“Storytelling is a huge part of my life,” Busch told the Blade in a lengthy phone interview, “I get into various adventures and, I think, this could be a good story to tell.”

Interviewing Busch is like chatting with a fab storyteller over coffee or a glass of wine. Except that you’re talking to a legend who’s entertained and inspired queers (and discerning hetero audiences) for decades. (I’m wearing my “Vampire” T-shirt as I write this.)  

As a playwright, Busch writes “linear” plays, with a beginning, middle and an end, he said. As a cabaret singer, “the way I sing songs is telling a story,” Busch said.

Since childhood, he’s been creating vivid scenes in his imagination. From early on, Busch has felt as if he’s both a spectator and star in the movie of his life.

It seemed inevitable that he’d write a memoir. It’s the ultimate form of storytelling. “You reach a certain point in your life,” Busch said, “where you’re more reflective and see your life as a whole.”

“You reflect on the paths you didn’t take,” he added.

Busch spent his childhood in Hartsdale, N.Y. He had two older sisters, Betsy and Margaret. His mother’s death was devastating for Busch. His Aunt Lil and Joan Rivers have been among the women who have been “mothers” to Busch since his mom died.

Once, Busch said he and Rivers dined with friends. “Joan Rivers said ‘I wish I had a gay son I could phone at midnight and discuss whatever movie was on TCM,’” he recalled.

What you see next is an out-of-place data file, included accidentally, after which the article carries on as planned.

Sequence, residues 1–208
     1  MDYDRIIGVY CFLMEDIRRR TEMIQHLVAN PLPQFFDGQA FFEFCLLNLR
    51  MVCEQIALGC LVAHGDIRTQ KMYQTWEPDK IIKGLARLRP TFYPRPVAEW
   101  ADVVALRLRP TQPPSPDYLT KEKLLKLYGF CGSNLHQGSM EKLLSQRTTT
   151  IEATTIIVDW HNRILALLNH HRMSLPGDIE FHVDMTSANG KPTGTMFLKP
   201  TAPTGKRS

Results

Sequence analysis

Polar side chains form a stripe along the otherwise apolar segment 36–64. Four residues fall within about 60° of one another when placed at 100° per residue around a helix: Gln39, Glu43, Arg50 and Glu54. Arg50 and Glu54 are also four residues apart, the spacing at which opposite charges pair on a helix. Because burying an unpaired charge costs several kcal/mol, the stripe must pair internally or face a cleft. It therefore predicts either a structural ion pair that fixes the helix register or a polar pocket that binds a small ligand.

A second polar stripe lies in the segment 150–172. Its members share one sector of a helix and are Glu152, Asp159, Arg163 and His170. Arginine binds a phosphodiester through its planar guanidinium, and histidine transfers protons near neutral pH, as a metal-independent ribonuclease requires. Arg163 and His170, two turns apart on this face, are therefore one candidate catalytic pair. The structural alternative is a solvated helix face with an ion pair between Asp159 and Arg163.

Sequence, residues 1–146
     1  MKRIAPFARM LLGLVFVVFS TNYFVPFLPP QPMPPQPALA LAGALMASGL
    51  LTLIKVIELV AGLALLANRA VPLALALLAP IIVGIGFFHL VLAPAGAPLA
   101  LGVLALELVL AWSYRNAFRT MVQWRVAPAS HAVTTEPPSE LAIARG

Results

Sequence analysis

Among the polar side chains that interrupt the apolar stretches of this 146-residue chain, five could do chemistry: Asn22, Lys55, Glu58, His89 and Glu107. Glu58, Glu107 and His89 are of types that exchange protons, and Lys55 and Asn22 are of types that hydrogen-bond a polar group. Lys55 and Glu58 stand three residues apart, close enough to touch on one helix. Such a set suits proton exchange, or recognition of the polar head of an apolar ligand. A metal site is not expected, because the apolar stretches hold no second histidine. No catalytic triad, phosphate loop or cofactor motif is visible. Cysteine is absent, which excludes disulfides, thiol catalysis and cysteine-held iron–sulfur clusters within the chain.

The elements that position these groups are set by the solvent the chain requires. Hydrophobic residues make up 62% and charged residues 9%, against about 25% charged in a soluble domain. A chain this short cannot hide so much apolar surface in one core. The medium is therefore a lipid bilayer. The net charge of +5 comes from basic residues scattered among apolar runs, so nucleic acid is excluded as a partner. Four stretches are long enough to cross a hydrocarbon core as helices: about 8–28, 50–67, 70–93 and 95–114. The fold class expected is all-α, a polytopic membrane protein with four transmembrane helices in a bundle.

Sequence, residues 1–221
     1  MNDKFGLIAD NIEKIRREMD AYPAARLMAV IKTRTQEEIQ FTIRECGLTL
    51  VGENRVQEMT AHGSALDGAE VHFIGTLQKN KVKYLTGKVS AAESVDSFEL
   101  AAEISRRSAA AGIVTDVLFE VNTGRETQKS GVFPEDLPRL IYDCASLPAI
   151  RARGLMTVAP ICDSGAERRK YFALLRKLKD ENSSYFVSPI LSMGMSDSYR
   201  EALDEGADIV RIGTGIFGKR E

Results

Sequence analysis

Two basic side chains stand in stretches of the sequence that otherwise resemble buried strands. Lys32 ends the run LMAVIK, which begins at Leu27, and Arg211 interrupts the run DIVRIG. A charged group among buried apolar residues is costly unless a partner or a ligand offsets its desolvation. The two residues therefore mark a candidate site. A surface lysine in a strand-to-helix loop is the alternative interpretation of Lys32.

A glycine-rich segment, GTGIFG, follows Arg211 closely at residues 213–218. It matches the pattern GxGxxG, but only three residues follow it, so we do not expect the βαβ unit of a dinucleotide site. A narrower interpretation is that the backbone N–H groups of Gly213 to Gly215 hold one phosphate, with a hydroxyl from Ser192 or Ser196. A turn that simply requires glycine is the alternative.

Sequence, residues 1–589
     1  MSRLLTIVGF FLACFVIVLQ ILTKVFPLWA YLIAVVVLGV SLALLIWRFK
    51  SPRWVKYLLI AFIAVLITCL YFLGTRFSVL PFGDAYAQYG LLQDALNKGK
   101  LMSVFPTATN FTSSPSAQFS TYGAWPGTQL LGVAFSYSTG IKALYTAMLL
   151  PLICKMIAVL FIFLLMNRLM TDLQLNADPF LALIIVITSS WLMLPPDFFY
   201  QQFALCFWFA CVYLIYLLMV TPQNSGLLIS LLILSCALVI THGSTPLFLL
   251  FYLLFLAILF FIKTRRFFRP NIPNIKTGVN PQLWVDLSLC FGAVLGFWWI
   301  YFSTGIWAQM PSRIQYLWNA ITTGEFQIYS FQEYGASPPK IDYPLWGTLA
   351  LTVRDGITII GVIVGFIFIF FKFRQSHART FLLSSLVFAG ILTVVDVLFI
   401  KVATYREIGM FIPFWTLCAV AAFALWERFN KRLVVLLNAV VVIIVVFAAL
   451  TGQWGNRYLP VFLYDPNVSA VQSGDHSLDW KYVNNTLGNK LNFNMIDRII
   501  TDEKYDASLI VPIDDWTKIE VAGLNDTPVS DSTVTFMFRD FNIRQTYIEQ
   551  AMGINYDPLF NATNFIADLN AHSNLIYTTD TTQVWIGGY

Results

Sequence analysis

Busch would have loved to have been Rivers’s “gay son.”

Life in Hartsdale was hard for Busch after his mother passed away. His father was often absent and showed little interest in his children.

Things were miserable for Busch when his grandmother, for a time, cared for the family. He knew, as a boy, that he was gay and hated going to school where a movie-and-theater-loving kid who liked to draw wasn’t one of the cool kids.

Yet Busch forgave his “father’s failings,” he writes in “Leading Lady, “because he gave me the theater.”

Busch became entranced with the theater when his father, an aspiring opera singer who performed in summer stock, took him to the old Metropolitan Opera House in New York City to hear Joan Sutherland sing the role of Amina in Bellini’s “La Sonnambula.”

Busch was saved from a life of boredom and bullying when Aunt Lil, his mother’s sister, took him to live with her in Manhattan. There, like Auntie Mame, she raised him. She prodded him into applying to the High School of Music and Art in New York City. He was accepted there.

After high school, Busch graduated with a bachelor’s degree in drama from Northwestern University in 1976.

“My Aunt Lil is the leading lady [of the title of his memoir],” Busch said, “she was the most influential person in my life.”

One of the reasons why Busch wrote “Leading Lady” was to paint a full portrait of her. “It was important that it not be this kind of gauzy, sentimental memory piece,” he said, “making her out to be a saint.”

Aunt Lil adopted Bush when he was 14. Her goal was that he would go to college, become independent, be a survivor – make a place for himself in the world.

“I don’t know what would have happened if she hadn’t stepped in,” Busch said.

“She was very intellectual,” he added, “I’ve never met anyone [else] with such a pure devotion to thinking. It was a little intimidating.”

Aunt Lil’s standards for caring – for giving of oneself – were so high that it was almost impossible to meet them. “She believed that you should anticipate what people would need,” Busch said, “before they told you.”

Looking back, Busch is most proud of himself when, “I’ve gone past my natural self-absorption,” he said, “when I’ve thought of someone else.”